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Monday, 5 April, 1999, 20:09 GMT 21:09 UK
Teachers reject 1bn pay package
she shewring
Sue Shewring: "Changes not negotiable"
By Sean Coughlan in Brighton

Teachers have voted unanimously to reject the government's 1bn package of pay reforms, as union members once again step up pressure on the education secretary.

The National Union of Teachers, meeting in Brighton for its annual conference, has attacked the government's Green Paper on teachers' pay and conditions in England as "ill-conceived, misguided, divisive and bureaucratic".

doug mcavoy
Doug McAvoy: "We won't budge"
After the vote, the union's General Secretary, Doug McAvoy, sent an emphatic message to the Education Secretary, David Blunkett.

"One of us is going to have to change our minds," he said, "and it isn't going to be the National Union of Teachers."

A day after the conference agreed to ballot for strike action next term against the introduction of performance-related pay, union delegates once again attacked the government over its proposals for changing the pay structure.

This was a "vicious assault on teachers' pay and conditions" which treated them like "robots and not human beings", union delegates were warned by a series of speakers angered by the government's bid to overhaul teachers' pay structure.

Disaffection

The Green Paper includes the controversial plan to introduce new appraisals which would affect whether teachers would qualify for annual pay increments. It was condemned by delegate Liam Conway as the "biggest attack on teachers this century".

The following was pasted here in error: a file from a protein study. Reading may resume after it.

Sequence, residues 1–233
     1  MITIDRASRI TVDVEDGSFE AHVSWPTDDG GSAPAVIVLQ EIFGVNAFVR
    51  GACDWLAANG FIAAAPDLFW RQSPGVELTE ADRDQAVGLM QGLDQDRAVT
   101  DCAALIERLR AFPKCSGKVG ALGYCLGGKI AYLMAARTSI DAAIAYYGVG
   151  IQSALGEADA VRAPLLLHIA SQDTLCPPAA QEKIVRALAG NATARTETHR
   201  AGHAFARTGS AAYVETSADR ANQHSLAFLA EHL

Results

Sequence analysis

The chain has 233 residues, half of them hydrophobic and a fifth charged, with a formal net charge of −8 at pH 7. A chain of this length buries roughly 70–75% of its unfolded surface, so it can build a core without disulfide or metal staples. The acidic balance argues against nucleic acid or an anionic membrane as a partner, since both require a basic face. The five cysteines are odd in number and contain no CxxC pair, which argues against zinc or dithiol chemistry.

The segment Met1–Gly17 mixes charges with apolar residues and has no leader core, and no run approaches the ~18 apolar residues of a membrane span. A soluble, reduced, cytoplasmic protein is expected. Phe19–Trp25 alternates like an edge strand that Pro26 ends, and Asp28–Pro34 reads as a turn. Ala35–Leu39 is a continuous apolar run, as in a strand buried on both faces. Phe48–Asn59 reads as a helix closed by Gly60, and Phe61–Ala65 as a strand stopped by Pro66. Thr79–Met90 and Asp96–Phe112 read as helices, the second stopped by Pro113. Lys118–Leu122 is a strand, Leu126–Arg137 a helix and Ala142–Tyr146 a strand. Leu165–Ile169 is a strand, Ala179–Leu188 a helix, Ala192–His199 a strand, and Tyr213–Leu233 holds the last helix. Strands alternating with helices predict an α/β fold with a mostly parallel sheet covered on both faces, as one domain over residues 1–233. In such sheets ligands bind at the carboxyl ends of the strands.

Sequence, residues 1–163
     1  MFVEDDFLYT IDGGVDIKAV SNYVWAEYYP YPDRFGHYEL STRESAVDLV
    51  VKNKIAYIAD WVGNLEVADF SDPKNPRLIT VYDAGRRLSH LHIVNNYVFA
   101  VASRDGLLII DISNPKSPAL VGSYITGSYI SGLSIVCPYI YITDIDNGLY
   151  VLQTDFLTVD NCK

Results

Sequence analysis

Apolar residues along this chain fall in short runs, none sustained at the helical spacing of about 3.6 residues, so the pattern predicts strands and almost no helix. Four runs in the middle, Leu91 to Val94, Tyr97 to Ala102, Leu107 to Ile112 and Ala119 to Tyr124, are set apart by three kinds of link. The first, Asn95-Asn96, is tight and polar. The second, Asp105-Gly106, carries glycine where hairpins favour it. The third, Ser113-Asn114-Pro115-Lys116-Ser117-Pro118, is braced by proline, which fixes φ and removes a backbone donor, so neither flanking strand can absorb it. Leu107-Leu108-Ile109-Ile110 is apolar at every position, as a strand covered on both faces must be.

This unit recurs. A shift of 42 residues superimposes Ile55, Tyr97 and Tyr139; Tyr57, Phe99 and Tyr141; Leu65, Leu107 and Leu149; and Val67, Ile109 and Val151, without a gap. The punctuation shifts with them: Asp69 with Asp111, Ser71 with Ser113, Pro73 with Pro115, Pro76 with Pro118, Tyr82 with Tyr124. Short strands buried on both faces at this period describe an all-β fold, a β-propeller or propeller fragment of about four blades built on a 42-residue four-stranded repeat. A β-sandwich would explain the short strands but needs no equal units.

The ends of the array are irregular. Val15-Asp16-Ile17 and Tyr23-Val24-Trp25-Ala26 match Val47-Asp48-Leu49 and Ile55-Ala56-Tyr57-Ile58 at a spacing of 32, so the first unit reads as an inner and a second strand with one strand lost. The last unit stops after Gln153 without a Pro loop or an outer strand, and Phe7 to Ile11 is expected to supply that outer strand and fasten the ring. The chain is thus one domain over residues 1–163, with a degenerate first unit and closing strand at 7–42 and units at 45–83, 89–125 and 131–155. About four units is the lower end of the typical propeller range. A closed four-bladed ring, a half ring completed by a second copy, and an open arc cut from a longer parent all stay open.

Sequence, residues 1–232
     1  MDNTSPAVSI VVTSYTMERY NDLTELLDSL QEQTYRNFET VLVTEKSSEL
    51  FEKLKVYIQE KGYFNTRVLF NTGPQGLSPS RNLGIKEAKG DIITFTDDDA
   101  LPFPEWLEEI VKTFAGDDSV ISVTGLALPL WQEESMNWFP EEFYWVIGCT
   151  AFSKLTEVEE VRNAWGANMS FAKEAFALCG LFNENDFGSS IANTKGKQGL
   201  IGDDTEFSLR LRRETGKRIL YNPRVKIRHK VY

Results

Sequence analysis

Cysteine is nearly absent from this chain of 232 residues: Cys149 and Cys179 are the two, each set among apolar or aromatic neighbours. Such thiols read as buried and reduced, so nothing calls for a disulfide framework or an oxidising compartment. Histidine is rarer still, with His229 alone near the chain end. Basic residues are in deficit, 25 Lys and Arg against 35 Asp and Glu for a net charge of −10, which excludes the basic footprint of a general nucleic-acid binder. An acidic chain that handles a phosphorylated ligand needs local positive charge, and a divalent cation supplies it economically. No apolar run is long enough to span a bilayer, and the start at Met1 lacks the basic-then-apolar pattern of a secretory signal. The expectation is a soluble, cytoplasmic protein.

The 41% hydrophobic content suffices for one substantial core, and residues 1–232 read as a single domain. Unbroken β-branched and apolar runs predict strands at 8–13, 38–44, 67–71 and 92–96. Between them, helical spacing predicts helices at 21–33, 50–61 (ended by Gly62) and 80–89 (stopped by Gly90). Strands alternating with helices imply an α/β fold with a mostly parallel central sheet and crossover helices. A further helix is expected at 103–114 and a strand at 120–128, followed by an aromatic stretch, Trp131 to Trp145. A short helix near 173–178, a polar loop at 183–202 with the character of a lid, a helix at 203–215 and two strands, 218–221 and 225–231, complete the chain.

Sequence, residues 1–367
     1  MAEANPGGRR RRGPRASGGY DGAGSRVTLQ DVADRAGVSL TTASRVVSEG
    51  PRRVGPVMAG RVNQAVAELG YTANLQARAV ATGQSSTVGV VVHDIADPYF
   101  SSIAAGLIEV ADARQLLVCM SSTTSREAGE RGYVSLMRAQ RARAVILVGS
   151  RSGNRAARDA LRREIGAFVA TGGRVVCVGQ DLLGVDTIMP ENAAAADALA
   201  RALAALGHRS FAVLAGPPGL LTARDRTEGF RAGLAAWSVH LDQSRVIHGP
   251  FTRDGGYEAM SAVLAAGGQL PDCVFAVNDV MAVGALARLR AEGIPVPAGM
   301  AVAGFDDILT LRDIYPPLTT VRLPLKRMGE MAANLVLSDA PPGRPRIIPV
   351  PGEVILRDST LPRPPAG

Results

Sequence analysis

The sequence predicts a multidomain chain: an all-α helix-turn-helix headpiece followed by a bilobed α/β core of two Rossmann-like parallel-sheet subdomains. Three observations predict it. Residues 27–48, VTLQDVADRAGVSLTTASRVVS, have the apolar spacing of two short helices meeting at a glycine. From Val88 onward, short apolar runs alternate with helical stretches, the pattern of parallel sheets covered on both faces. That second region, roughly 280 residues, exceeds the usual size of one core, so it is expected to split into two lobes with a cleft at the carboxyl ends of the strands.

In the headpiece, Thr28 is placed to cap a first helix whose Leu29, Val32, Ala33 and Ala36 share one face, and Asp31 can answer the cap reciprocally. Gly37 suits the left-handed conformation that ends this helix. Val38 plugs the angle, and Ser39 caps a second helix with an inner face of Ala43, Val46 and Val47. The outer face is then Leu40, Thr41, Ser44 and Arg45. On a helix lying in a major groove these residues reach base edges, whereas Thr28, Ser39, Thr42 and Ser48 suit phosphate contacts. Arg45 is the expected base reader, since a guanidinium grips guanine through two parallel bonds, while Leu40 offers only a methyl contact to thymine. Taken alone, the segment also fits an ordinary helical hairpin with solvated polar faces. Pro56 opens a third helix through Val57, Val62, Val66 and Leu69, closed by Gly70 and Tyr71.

Unions 99
Expressing the disaffection felt by teachers about the plans for performance pay, Mr Conway said the Green Paper was the work of an "unfriendly, hostile government" which wanted to "destroy the effectiveness" of teachers' unions.

Sue Shewring, a delegate from Lancaster and Morecambe, told the conference that the union "had to make it clear to Mr Blunkett that opposition to the Green Paper is non-negotiable".

john yandell
John Yandell: "We're being made scapegoats"
Other speakers emphasised what they claimed as the practical difficulties of introducing an appraisal system. Ken Pearson from Burnley said that "a whole teacher for a whole year" would be required to handle appraisals in some schools.

Instead of putting 1bn into the proposed pay structure, delegates called for the money to be put into pay rises that would benefit all teachers and not only those judged to be qualified for performance pay.

Teachers were being "scapegoated for the shortcomings of the education system", said John Yandell - when the problem lay in a lack of resources and inadequate pay.

Speaking after the vote against the Green Paper, Doug McAvoy, said that there could be no doubting teachers' commitment to opposing any linking between appraisals and pay.

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